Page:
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Eight Lesson Plans for Election Season 

As schools around the country will learn about the election season--Education World has you covered when it comes to the right activities and resources for students of all ages. 

Here are eight lesson plans teachers can use for the election season provided by Education World:


  1. Track the Polls

Grade 8-12

In this lesson, students have the opportunity to track poll results before election day by comparing polls from week to week. Students can work in teams looking at different sources, and share their results with the class. The lesson plan advises for classes to use graphs or pie charts and write a weekly summary throughout the campaign. Here are a list of links students can use to track the polls:

USA Election Polls

Latest Election Polls

Election Projection


  1. Meet the Press

Grade 6-12

In this lesson, students listen to candidate interviews, debates, or other information available online. By watching these videos, students can gather information about where the candidate stands on particular issues. Then, set the class into groups of three where one student will be a campaign manager, the second student the candidate, and the third student the journalist. 

Ask each group to conduct their own interviews and present them to the class. After all the interviews, students can critique and vote for the winning candidate. 


  1. The Electoral College 

Grade 7-12

In this activity, students will learn about the electoral college's role in the election process by studying the election of 1876. In this election, Samuel J. Tilden got more of the popular vote than Rutherford B. Hayes, but Hayes won the election because he received more electoral votes. Students will then use the Electoral College Box Scores web page to see when this happened again in the election process (1888 and 2000). 


  1. What Are The Important Issues?

Grade 8-12

The first part of this lesson is to brainstorm a list of important issues the next president, or leader, will face in the national or local area. Some issues can include:

  • Economy
  • Health care
  • Foreign Policy
  • Education
  • Environment

Then ask students to narrow this list to five important issues by a vote, and then have each student vote for one single issue he or she feels is the most important. Have them explain why.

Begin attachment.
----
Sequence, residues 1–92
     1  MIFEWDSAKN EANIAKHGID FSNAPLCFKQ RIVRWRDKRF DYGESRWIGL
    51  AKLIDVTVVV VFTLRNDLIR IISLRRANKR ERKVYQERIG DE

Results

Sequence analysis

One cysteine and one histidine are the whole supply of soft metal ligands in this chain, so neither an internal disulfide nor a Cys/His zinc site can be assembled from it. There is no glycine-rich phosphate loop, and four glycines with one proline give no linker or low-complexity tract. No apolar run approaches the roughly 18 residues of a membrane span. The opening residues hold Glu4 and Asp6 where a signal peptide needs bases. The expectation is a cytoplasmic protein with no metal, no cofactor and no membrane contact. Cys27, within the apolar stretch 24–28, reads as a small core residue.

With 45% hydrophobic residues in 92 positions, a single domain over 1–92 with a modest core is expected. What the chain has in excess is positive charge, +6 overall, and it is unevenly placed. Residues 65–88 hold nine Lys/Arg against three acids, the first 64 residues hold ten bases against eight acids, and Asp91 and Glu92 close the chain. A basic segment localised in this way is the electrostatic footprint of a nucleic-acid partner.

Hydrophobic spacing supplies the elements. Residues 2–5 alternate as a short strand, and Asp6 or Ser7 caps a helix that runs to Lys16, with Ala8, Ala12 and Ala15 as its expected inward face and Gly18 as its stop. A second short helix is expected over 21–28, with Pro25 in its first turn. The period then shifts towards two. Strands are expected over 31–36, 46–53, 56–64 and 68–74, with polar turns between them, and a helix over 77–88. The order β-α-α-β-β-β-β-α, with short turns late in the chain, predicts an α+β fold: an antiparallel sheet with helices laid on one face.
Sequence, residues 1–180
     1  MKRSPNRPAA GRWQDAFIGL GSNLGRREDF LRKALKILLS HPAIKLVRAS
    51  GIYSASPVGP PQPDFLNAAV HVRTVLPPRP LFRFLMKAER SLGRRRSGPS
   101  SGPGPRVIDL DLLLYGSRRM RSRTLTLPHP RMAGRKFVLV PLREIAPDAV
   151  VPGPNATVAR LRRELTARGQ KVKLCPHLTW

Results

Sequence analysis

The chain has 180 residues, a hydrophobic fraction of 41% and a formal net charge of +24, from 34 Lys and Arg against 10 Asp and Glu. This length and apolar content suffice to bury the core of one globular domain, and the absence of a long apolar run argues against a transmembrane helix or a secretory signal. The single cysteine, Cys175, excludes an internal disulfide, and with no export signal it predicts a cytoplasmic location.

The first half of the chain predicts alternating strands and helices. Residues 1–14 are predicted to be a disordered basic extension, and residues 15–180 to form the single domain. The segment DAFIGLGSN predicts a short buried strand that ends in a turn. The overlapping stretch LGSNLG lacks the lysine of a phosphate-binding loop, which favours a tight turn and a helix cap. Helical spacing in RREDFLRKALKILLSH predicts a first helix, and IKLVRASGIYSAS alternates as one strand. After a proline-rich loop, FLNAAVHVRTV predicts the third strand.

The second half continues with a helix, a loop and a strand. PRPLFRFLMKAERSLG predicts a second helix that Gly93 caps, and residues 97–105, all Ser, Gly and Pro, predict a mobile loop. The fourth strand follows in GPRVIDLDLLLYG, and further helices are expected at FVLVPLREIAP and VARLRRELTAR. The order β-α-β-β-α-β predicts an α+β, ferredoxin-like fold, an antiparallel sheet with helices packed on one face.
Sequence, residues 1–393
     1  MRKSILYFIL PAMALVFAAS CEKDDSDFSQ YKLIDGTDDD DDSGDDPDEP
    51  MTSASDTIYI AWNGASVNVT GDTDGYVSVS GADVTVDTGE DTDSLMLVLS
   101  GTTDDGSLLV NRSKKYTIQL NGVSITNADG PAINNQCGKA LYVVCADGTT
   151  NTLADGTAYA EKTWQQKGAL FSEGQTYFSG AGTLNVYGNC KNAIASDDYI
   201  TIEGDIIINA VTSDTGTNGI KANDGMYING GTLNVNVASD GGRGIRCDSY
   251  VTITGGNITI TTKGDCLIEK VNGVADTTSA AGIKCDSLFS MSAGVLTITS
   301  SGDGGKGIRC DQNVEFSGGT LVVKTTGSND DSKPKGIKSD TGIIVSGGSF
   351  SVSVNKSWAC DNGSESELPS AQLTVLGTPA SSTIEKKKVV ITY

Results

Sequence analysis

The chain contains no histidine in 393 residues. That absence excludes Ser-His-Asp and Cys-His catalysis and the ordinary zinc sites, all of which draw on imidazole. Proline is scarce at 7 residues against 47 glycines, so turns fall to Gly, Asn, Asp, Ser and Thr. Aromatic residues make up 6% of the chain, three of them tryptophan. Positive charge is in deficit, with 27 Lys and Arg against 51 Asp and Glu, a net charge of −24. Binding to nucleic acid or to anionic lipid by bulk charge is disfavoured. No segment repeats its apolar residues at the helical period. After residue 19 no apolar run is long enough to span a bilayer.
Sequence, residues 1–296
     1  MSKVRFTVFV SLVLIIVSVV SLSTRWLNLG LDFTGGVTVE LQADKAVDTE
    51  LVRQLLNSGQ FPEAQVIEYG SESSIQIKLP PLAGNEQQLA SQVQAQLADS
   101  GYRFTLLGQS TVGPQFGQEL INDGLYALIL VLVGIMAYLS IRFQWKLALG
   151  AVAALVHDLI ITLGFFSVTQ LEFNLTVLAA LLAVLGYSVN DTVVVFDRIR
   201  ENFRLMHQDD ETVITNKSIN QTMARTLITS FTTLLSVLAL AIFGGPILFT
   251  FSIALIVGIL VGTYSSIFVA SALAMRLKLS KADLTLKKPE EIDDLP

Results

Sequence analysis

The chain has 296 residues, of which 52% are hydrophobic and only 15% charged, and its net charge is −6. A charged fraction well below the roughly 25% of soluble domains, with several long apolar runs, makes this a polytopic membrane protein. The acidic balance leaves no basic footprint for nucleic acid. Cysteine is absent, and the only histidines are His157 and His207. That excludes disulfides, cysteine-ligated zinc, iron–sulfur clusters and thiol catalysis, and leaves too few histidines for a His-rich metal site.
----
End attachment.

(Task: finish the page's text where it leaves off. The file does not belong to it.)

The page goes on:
1. Election Scavenger Hunt

Grade 6-12

In this lesson, students are required to look through a list of newspapers and other online news resources to collect items on the scavenger hunt lists teachers provide. Students must collect eight out of the ten items on the list. The list can include the following: 

  • a news article about Candidate #1's campaign
  • a photograph of Candidate #2
  • an editorial cartoon that related to one of the candidates
  • an election ad or a flyer for one of the candidates 


  1. An Election Day Classroom Experiment

Grade 5-9

Through this hands-on experiment, students will learn why voting is important and learn the potential impact on deciding not to vote. At the beginning of class, teachers can tell students they have the opportunity to vote in a mock election and provide them ballots listing the candidates and a space for students to identify their gender. Give them a private place to vote. Tell students that they are required to vote. Tally the ballots separately and lead the class in the following questions:

  • How do the two votes differ?
  • Were boys or girls more likely to vote when given the option?
  • Might an election be affected if only the people who chose to vote do so?
  • How might people required to vote affect an election?
  • Why is voting important?


  1. If I Were the President

Grade 4-8

In this lesson, students write a short essay telling what they would do to solve issues in the United States if they were elected president. Younger students can complete the sentence using a few words, but older students can write an essay on the topic. 


  1. Take a Stand

Grade 6-12

Before class, teacher can place a poster in the corner of each room and  then read a statement about a political or societal issue. Then tell students to go to the corner that best describes how they feel about that statement. Ask students why they chose that specific corner. Some statements can include:

  • All Americans should be required to vote
  • People should be allowed to vote on the Internet
  • Candidates should spend the same amount of money on campaigns
  • The two-party system in the United States does not allow third parties to gain a foothold in the Electoral College system. 
  • The power of special-interest groups in American politics is too great


Article by Kassondra Granata, Education World Contributor